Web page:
Recommendation No. R (2000) 6
of the Committee of Ministers to member states
on the status of public officials in Europe
(Adopted by the Committee of Ministers
on 24 February 2000
at the 699th meeting of the Ministers’ Deputies)
The Committee of Ministers, under the terms of Article 15.b of the Statute of the Council of Europe,
Considering that the aim of the Council of Europe is to achieve a greater unity between its members;
Considering that public administrations play an essential role in democratic societies and that they must have at their disposal suitable personnel to properly carry out the tasks which are assigned to them;
Considering that the establishment and consolidation of democratic institutions require a public administration that complies with the rule of law, is neutral and is loyal to the democratic institutions and is respectful of the people it serves;
Considering that public officials are the key element of the public administration and that they should have the necessary qualifications and an appropriate legal and material environment in order to carry out their tasks appropriately;
Considering that it is essential to promote the participation of public officials in decision-making processes concerning the organisation, structure and principles governing the exercise of public functions;
Considering that public officials have specific duties and obligations due to the fact that they serve the state but that above all they are citizens and in so far as possible should have the same rights as other citizens;
Given the general trend in European countries to reform civil service systems to increase their efficiency, productivity and standards of service to the public and, in this connection;
Having regard to Parliamentary Assembly Recommendation 1303 (1996) on the proposal for a second summit of heads of state and government of the Council of Europe which asked the Committee of Ministers to include the drawing-up of European legal instruments on the civil service;
Having regard to Parliamentary Assembly Recommendation 1322 (1997) on civil service in an enlarged Europe and to the two colloquies organised by the Parliamentary Assembly in Portorož, June 1994, and in Geneva, October 1995, which brought together parliamentarians, governmental officials, experts and representatives of international organisations;
Given the European dimension of the civil service and the existence of common values, which are shared by the member states of the Council of Europe and therefore should be respected in relation to civil services,
Recommends that the governments of member states be guided in their law and in their practice by the principles of good practice annexed to this recommendation.
Appendix to Recommendation No. R (2000) 6
For the purposes of this Recommendation, public officials are any members of staff, whether statutory or contractual, employed by state authorities or departments whose salary is paid out of the state budget, excluding elected representatives and certain categories of staff in so far as they come under special regulations.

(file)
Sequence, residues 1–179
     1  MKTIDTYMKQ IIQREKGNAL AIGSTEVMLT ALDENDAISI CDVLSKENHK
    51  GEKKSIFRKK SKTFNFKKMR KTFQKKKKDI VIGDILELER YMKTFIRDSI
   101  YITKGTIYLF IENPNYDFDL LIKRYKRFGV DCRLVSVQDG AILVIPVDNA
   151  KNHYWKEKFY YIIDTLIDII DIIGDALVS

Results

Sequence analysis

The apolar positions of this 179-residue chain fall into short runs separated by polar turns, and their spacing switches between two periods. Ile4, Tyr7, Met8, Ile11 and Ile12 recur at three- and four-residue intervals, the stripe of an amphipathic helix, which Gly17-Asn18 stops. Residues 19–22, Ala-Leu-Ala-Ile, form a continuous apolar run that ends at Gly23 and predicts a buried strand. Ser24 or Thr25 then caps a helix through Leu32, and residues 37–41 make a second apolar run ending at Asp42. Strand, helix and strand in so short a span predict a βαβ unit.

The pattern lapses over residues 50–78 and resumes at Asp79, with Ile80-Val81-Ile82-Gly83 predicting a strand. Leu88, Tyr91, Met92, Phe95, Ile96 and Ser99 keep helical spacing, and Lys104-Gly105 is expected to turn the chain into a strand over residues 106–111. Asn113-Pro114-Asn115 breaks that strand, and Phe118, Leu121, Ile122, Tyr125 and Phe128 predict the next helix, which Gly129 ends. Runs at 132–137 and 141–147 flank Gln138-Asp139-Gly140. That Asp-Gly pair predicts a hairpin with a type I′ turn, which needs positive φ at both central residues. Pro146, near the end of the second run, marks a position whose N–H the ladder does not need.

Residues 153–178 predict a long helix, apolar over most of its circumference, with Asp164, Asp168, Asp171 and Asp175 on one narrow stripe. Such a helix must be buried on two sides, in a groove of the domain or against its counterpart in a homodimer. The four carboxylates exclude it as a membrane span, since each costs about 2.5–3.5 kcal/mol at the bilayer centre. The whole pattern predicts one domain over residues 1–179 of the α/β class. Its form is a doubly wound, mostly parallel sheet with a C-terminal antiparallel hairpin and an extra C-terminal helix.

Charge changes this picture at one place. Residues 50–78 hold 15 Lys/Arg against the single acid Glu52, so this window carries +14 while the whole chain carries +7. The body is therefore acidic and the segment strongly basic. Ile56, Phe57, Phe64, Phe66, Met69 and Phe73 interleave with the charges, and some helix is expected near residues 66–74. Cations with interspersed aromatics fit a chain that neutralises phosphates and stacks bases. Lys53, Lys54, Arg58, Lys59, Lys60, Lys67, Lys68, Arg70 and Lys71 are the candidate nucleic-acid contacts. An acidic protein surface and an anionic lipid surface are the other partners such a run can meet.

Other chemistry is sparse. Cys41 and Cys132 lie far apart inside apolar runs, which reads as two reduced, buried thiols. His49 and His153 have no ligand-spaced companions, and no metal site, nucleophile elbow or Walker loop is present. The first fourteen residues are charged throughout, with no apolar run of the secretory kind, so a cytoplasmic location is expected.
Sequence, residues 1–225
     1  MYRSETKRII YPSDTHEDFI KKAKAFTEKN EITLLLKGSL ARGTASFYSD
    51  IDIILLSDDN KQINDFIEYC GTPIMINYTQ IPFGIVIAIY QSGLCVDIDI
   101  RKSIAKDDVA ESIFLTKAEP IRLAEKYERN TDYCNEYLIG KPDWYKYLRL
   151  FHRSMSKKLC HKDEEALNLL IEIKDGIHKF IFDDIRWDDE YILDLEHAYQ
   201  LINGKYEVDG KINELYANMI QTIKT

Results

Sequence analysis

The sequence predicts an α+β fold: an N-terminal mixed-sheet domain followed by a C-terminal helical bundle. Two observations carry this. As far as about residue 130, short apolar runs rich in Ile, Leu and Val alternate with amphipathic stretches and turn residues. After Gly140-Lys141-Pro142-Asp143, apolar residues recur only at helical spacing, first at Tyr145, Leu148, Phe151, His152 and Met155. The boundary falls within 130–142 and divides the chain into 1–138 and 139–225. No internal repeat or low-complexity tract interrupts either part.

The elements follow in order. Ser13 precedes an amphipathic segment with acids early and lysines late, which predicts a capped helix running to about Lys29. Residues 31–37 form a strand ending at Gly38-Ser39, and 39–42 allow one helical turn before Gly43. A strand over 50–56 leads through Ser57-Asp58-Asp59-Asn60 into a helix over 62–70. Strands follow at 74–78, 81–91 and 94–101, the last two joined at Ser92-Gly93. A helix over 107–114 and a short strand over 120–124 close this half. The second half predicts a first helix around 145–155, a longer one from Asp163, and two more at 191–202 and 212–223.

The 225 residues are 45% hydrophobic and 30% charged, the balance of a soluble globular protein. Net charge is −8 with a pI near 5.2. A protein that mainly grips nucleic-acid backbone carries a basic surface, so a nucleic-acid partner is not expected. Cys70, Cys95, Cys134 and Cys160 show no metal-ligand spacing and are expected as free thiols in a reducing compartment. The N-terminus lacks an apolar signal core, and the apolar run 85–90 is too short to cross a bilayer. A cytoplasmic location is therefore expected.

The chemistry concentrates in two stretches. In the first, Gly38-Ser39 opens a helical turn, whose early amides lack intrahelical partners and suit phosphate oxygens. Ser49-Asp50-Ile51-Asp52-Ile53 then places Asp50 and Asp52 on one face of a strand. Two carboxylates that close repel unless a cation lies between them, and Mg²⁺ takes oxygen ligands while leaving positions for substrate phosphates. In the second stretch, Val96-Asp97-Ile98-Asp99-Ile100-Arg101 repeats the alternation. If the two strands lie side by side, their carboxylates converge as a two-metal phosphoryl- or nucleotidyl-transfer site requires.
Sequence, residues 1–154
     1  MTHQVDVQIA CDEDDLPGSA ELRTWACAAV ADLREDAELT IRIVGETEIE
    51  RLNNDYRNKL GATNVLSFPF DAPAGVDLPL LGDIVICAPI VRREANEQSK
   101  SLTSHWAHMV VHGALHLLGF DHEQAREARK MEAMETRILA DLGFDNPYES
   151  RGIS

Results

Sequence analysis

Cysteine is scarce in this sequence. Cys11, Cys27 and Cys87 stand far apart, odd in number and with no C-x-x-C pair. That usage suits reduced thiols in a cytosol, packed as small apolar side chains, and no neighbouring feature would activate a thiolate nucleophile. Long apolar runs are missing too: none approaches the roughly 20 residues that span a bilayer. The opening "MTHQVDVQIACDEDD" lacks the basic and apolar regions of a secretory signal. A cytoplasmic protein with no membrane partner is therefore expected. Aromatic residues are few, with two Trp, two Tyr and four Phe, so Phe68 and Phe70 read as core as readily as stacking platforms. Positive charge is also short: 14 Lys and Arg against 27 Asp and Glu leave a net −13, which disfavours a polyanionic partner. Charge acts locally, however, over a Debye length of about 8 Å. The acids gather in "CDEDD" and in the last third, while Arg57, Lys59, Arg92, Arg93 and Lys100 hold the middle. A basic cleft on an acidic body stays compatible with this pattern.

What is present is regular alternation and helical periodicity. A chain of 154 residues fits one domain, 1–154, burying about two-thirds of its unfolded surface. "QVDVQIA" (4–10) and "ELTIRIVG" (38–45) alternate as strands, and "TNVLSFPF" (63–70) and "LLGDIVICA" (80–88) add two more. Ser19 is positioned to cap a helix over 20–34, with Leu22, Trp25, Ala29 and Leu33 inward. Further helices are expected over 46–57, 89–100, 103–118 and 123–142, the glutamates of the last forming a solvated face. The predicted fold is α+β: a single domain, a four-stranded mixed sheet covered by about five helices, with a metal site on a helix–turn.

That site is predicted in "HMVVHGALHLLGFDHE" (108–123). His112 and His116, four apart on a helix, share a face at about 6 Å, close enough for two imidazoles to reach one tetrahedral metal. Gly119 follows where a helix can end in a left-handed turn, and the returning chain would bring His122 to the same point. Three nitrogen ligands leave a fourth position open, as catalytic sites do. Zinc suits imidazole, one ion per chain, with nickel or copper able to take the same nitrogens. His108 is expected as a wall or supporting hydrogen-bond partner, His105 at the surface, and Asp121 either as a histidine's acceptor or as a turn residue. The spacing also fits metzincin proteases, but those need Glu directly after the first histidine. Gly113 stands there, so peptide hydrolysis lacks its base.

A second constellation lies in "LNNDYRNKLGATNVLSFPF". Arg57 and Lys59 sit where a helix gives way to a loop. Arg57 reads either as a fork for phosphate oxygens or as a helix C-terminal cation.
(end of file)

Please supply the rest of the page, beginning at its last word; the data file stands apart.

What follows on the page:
The systems governing public officials in Europe lie between two models that can be generally defined as contractual and career system. In the former, public officials are under a contract where conditions apply which are more or less similar to those of employees in the private sector. In the latter system, public officials are subject to a specific status defined by law or regulation.
The choice of system depends on the specific circumstances of each country. Yet, it is important to ensure that, whatever the system, a number of essential principles of good practice, which follow hereafter, are respected, as these principles constitute the very basis of an efficient and citizen-oriented civil service.
1. Legal framework of public officials and implementation
The legal framework and general principles concerning the status of public officials should be established by law or collective agreements and their implementation should be left to the government and/or other competent authorities or settled through collective agreements.
2. Authority responsible for public officials
The management policies relating to public officials should, in general, be the responsibility of the government. In all cases, in order for the civil service to be efficient, it is essential to avoid possible conflict of competence between the various authorities responsible for public officials.
3. Categories and levels of public officials
Where appropriate, the categories and levels of public officials should be defined in the light of the function performed, to which a certain level of responsibility is attached.
4. Conditions and requirements for recruitment
Recruitment of public officials should be defined by equality of access to public posts and selection based on merit, fair and open competition and an absence of discrimination. Some pre-conditions may exist for accessing public posts. In addition, general requirements and specific requirements may exist for recruitment. In so far as they constitute exceptions to these principles, they should be admitted only if lawfully justified.